The Way to a Man’s Heart, “The Settlement” Cook Book
This is the 2nd edition of the Settlement Cookbook.
Lizzie Black Kander was born in Milwaukee in 1858 to parents of English and Bavarian descent who were among the founding families of the local Reform community, which believed in reconciling religion with the progressive ideas of the age. She began her philanthropic activities early in her life, beginning with helping poor immigrant families, mostly Russian Jews, in Milwaukee. She founded the first settlement house there. In 1901, when the Settlement’s (male) Board refused to pay the printing costs ($18.00) of recipe booklets for her cooking classes, they suggested that if she wanted to raise this money, that she should do it herself. Which she did—most successfully. She raised the funds and printed 1000 copies of a book that sold out within a year. Two years later, in 1903, she published a second edition (1500 copies), which is on display. From then on, she served as editor until her death in 1940, always revising, expanding and testing recipes. According to legend, she was still planning on testing recipes on the day she died, at eighty-two.In 1939, Kander was honored by the state of Wisconsin as one of the state's outstanding women. In 1951, the Wisconsin Historical Society selected The Settlement Cookbook as one of the most influential volumes in their library of 3.6 million titles. The Historical Society recently published a biography of Mrs. Kander as part of a series presenting role models for young people. It begins “What does it take to change the lives of millions of people? The Historical Society encouraged its young readers to ‘get to know an amazing woman who saw people around her who needed help and spent her life doing something about it.’”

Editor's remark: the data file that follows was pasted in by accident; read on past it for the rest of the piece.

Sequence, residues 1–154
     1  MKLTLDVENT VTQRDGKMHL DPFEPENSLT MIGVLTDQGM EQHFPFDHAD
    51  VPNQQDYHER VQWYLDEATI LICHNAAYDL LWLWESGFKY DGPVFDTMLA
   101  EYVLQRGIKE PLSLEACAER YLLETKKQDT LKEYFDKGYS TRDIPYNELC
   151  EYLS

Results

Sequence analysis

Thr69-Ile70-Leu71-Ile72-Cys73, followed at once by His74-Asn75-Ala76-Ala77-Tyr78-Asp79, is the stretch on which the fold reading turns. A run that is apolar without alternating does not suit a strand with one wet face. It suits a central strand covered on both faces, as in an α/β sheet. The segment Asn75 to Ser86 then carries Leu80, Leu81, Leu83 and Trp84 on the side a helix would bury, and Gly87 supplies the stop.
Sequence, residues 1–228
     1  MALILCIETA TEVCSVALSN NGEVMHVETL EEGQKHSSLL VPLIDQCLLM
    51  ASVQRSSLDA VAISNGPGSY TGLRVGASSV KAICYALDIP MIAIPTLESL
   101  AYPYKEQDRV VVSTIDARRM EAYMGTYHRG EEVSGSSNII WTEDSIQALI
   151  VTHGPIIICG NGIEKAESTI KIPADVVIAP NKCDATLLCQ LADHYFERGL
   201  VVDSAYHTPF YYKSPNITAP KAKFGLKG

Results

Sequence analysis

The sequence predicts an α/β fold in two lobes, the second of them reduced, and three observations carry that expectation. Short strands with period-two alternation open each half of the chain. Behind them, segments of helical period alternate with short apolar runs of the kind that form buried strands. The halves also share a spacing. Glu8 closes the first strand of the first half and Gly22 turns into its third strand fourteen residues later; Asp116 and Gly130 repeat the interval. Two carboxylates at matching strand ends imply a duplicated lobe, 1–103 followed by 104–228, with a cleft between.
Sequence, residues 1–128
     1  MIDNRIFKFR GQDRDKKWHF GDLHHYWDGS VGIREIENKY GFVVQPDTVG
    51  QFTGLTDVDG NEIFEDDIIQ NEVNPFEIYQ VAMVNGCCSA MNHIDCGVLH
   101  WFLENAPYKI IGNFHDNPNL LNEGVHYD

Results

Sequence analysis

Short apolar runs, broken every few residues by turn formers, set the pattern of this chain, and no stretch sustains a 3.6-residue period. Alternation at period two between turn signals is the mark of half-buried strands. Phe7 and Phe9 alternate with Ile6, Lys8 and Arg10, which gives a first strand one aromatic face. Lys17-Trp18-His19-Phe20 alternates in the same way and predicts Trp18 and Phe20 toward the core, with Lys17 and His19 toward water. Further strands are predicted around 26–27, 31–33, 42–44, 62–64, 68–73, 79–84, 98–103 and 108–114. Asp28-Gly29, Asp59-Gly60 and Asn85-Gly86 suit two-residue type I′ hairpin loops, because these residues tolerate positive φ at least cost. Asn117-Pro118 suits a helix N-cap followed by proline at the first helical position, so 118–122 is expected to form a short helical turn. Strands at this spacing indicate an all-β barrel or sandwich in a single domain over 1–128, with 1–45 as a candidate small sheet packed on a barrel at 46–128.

Lizzie Kander was truly an “Amazing Woman” who leaned upon the love of her community to make life better for those in need. While new editions are no longer understood as Jewish charity cookbooks, this may be the most influential book of its kind. In addition to giving back millions of dollars to Milwaukee charities, this book has helped “settle” folks into American kitchens, safeguarding the presence of homemade meals.
- MIlwaukee, WI
- JBLCA, Special Collections Library
- Hardcover book